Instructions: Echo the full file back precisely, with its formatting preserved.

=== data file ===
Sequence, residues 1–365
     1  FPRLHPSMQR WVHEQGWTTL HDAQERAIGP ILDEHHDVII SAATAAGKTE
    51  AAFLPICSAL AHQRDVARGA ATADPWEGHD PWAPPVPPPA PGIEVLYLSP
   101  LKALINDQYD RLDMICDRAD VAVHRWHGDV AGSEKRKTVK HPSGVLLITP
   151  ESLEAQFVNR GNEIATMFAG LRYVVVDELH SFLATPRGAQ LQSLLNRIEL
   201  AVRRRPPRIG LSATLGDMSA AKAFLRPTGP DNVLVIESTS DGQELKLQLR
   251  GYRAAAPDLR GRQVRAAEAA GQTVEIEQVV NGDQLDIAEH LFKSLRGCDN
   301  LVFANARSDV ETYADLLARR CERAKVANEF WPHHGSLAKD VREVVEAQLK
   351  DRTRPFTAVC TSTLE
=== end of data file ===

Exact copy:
Sequence, residues 1–365
     1  FPRLHPSMQR WVHEQGWTTL HDAQERAIGP ILDEHHDVII SAATAAGKTE
    51  AAFLPICSAL AHQRDVARGA ATADPWEGHD PWAPPVPPPA PGIEVLYLSP
   101  LKALINDQYD RLDMICDRAD VAVHRWHGDV AGSEKRKTVK HPSGVLLITP
   151  ESLEAQFVNR GNEIATMFAG LRYVVVDELH SFLATPRGAQ LQSLLNRIEL
   201  AVRRRPPRIG LSATLGDMSA AKAFLRPTGP DNVLVIESTS DGQELKLQLR
   251  GYRAAAPDLR GRQVRAAEAA GQTVEIEQVV NGDQLDIAEH LFKSLRGCDN
   301  LVFANARSDV ETYADLLARR CERAKVANEF WPHHGSLAKD VREVVEAQLK
   351  DRTRPFTAVC TSTLE